For myself and other WELL "dial-up" Web site operators, that distinction became apparent in September. Some 300 WELL Web site operators have dial-up accounts at a monthly service charge of $25. The other option, "corporate" accounts, start at $100 a month. In September an on-line program called AccessWatch stopped working. An essential and popular program for those with Web sites, and probably the most sophisticated "counter" program available, AccessWatch furnishes daily tallies on the number of visits a Web site receives and their point-of-origin by country and network on any given day in the current month. For Web sites with a sizable international readership, this newsletter included, the program is indispensable, and many dial-up users have subscribed to the WELL solely for that component. Suddenly not having it available, one laconic user said, "is like Nielsen deciding he doesn't need polling to operate his business." Interestingly enough, however, AccessWatch continued to function for corporate account Web sites.
My repeated e-mails and calls to Hooked systems administrators since September either went unacknowledged or were responded to with cavalier evasiveness bordering on outright snideness. Last week I e-mailed the 300 dial-up Web site operators and their responses were uniformly similar regarding Whole Earth Networks' conduct: Nasty, arrogant, inefficient, outrageous, contemptuous, went the refrain. A number of users informed me that Hooked had actually admitted two months ago in an on-line conference that it was not as experienced as the WELL staff it had replaced. Hooked President David Holub's reaction when I phoned him could have been an enterpriser's clinic on the art of calculated obtuseness: "Probably my training as an engineer is giving me trouble understanding a journalist like yourself. You say there have been many complaints about a particular program we feature? I don't have a single piece of mail about AccessWatch. No one has brought that to my attention. But I could check into that if you like."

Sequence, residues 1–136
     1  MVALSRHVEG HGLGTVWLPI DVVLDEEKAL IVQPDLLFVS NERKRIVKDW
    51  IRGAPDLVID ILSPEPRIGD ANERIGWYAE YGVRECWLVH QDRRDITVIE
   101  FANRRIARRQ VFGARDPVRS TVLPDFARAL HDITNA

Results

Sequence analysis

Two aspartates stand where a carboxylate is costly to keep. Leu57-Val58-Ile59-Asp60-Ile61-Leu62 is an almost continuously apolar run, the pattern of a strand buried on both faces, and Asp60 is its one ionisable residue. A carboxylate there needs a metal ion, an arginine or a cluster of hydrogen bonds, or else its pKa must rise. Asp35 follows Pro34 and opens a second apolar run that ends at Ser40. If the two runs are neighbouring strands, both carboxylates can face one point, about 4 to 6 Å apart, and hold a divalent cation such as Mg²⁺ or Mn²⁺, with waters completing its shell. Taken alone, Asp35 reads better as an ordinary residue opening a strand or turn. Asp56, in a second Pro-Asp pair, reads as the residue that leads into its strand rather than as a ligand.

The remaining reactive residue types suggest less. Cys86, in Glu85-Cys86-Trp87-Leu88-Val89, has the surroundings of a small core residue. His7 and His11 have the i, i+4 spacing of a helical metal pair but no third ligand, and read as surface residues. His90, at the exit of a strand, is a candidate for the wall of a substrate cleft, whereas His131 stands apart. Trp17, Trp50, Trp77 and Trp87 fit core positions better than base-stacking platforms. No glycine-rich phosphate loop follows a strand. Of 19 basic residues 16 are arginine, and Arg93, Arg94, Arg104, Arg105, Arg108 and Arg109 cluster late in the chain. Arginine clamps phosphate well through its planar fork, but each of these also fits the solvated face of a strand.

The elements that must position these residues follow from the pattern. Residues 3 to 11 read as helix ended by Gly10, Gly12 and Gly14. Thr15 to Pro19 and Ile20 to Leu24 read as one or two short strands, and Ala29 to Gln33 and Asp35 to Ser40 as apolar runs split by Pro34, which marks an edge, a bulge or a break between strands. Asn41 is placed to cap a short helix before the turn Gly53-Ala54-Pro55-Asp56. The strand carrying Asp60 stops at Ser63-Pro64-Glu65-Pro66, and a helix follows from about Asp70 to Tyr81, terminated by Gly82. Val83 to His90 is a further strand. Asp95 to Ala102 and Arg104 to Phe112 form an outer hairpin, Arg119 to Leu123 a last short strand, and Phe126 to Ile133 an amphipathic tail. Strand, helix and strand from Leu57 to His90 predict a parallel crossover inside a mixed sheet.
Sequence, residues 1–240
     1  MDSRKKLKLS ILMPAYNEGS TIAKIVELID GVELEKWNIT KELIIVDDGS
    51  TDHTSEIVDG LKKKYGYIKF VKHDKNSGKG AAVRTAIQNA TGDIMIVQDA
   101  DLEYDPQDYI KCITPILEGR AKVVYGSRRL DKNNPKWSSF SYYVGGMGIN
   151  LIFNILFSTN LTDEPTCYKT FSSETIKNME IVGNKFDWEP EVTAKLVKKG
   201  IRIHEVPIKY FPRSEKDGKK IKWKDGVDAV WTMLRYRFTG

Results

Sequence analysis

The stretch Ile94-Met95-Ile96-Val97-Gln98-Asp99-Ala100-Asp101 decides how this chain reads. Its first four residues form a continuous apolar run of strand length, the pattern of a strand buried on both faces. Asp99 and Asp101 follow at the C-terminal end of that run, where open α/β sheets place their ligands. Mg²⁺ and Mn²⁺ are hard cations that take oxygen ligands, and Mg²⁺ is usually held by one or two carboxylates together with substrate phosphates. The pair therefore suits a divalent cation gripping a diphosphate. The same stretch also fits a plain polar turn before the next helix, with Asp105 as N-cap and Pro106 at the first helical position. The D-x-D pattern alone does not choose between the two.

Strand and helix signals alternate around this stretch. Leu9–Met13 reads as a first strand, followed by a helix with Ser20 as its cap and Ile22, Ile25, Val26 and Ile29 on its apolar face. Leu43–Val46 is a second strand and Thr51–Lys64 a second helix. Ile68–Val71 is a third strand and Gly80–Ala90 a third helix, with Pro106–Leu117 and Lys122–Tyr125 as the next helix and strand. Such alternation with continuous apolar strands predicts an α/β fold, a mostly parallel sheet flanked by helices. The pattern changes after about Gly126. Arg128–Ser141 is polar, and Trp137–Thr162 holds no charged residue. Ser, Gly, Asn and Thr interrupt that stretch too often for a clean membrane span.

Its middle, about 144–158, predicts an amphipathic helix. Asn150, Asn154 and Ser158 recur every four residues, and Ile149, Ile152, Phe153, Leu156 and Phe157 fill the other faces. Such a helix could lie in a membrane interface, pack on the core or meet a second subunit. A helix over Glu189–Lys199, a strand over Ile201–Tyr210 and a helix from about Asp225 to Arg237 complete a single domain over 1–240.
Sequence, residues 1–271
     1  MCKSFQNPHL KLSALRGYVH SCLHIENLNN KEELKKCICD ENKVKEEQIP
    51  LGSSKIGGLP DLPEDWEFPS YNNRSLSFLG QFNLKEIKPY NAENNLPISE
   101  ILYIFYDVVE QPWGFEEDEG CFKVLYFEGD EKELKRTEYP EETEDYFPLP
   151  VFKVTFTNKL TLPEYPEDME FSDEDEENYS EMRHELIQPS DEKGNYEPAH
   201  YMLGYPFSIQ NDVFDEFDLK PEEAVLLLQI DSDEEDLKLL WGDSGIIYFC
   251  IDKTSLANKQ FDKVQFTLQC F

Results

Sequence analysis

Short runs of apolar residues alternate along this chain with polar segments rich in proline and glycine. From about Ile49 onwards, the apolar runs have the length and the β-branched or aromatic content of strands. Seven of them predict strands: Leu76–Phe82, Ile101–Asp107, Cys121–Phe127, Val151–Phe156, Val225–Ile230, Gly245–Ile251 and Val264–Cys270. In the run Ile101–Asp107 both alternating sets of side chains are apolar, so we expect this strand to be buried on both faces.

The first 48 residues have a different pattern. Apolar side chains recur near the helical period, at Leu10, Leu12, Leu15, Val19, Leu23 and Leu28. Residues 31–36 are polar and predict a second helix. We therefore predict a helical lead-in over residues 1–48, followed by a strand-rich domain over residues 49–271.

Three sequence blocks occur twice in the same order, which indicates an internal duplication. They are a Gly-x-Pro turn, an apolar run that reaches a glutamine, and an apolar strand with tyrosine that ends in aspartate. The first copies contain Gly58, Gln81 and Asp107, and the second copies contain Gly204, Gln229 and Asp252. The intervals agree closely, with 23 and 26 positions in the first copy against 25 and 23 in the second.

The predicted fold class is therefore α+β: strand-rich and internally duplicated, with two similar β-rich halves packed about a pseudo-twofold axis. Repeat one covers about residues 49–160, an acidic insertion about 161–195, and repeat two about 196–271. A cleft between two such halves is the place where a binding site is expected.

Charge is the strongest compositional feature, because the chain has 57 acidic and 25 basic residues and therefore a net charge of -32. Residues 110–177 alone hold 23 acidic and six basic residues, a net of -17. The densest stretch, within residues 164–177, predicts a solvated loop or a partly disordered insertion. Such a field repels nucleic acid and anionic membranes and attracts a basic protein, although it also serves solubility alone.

Last month Hooked began responding to AccessWatch complaints by advising that only corporate account members could be guaranteed reliable AccessWatch service. That blithe pronouncement confirmed the consensus among my correspondents that Whole Earth was browbeating dial-ups into either opening corporate accounts or moving on to another ISP.
On December 5 attorney Gary Near and I drafted a letter demanding that Whole Earth restore reliable AccessWatch service to its dial-up subscribers, or offer them corporate accounts at their current monthly rates. They have not responded to date, although the next day a moderator in a WELL conference stated that the program was now up and running again.
If Bruce Katz' intentions were to employ Hooked to effect the bait-and-switch and squeeze-out tactics necessary to fulfill his long-range agenda, he couldn't have been more ham-fisted. Notoriety of this sort hardly augurs well for small companies anxious to compete against on-line behemoths like AOL.
Stewart Brand wasn't available to comment on the present status of his pioneering effort. We'll have to await his declamations, if any, on whether cyberspace has augmented the impersonal world he once railed against. The designation plate on the old Pranksters' bus read "Furthur," and despite the waggish misspelling its layered meaning was sufficiently clear. A whole bunch of people I've spoken with lately understand that legacy, and we're determined to continue the ride.